By doing successful ministry in places that were formerly overlooked, Orphan Helpers testifies to the transformational nature of faith-based work. Because of its accomplishments, the U.S. government and grantees have come to recognize the usefulness of not only delinquency prevention, but also working with youths who have already offended.
“Our success is reflected in the stories of impact in the lives of the youth we serve,” said Harris. “Our motto is: today’s orphans, tomorrow’s helpers.”
Orphan Helpers publicly communicates that its success is a result of its sacred mission. In doing so, it demonstrates that faith-based organizations play crucial roles in addressing issues that governments and individuals are not equipped to confront. To learn more about how faith-based organizations can publicly position themselves effectively, see the Religious Staffing Public Positioning Toolbox.
Orphan Helpers’ innovative approach to serving neglected children and youths in Central America shows how faith-based organizations can use their unique positions to provide solutions unavailable to other institutions. Its work enables at-risk youth to live and thrive in their own communities rather than seeking success in the United States. Its public policy engagement informs the U.S. government of restorative practices, and it also leads to partnerships that widen its ministry’s impact. Its faith-rooted organizational practices exemplify how an organization’s sacred mission can contribute to its success. Finally, Orphan Helpers’ public engagement indicates how its accomplishments are consequences of its faith identity. Orphan Helpers’ ability to enact its sacred mission in its public policy, organizational practices and public positioning demonstrates the irreplaceable contributions faith-based organizations make to society.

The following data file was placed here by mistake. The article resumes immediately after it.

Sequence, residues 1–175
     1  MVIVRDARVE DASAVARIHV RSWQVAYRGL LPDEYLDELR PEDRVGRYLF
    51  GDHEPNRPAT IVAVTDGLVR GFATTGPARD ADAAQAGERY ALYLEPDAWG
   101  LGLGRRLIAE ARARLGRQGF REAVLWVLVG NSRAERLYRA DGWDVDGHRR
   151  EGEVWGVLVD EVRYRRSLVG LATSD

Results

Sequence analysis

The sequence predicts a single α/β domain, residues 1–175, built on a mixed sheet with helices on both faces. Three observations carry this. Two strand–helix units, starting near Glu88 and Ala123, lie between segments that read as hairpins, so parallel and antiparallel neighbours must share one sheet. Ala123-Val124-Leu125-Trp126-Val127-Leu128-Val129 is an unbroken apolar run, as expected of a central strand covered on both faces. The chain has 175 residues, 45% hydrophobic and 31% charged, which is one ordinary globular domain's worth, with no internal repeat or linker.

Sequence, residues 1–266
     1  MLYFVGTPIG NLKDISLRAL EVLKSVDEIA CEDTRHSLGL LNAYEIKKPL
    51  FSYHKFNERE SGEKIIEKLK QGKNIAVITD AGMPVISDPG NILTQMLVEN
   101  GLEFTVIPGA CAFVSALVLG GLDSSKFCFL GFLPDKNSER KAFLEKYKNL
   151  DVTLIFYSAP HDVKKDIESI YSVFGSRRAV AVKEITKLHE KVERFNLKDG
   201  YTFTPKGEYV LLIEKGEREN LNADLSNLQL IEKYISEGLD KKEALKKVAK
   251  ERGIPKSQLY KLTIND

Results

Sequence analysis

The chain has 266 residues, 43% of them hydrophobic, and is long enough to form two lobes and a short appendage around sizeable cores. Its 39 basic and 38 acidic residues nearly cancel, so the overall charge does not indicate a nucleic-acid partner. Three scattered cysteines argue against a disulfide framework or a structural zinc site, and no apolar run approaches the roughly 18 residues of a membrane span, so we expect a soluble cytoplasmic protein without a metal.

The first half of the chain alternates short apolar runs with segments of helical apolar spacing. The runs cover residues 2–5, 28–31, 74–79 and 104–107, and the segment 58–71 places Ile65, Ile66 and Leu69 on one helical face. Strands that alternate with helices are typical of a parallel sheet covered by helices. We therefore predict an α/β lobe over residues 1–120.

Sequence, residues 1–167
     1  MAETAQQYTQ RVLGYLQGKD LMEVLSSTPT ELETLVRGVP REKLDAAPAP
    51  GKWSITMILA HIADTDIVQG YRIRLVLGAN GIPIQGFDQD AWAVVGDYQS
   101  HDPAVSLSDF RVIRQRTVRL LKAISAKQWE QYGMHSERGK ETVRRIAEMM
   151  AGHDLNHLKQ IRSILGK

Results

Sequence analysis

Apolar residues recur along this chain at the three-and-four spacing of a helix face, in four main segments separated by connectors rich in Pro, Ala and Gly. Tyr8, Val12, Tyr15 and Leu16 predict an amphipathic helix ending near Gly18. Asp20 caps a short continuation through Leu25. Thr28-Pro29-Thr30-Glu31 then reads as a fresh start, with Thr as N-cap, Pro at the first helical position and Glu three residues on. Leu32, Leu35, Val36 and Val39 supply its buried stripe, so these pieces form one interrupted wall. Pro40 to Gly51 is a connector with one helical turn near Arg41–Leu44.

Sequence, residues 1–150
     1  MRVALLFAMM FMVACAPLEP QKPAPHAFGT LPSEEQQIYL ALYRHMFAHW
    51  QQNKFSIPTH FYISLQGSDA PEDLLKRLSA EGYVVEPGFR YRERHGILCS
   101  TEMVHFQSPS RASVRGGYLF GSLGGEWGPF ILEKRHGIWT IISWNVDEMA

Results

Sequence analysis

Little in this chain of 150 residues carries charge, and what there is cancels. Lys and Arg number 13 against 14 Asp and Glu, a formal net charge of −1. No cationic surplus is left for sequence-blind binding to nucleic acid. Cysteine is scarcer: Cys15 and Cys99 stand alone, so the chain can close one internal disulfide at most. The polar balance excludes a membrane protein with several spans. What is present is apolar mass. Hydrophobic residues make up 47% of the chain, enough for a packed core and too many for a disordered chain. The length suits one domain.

If you are not a Sacred Sector participant and would like access to resources on public policy, organizational practices and public positioning for faith-based organizations, sign up to become a Sacred Sector participant here.
Kathryn Mae Post is an intern with the Center for Public Justice (CPJ). She contributes to two different initiatives at CPJ: Sacred Sector and the Institutional Religious Freedom Alliance (IRFA). She is graduating from Calvin College in May of 2018 with a BA in both political science and English.